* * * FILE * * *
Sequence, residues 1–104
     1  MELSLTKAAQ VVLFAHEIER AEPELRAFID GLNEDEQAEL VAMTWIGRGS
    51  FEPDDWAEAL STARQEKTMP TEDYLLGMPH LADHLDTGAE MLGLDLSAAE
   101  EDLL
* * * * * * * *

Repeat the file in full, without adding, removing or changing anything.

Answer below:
Sequence, residues 1–104
     1  MELSLTKAAQ VVLFAHEIER AEPELRAFID GLNEDEQAEL VAMTWIGRGS
    51  FEPDDWAEAL STARQEKTMP TEDYLLGMPH LADHLDTGAE MLGLDLSAAE
   101  EDLL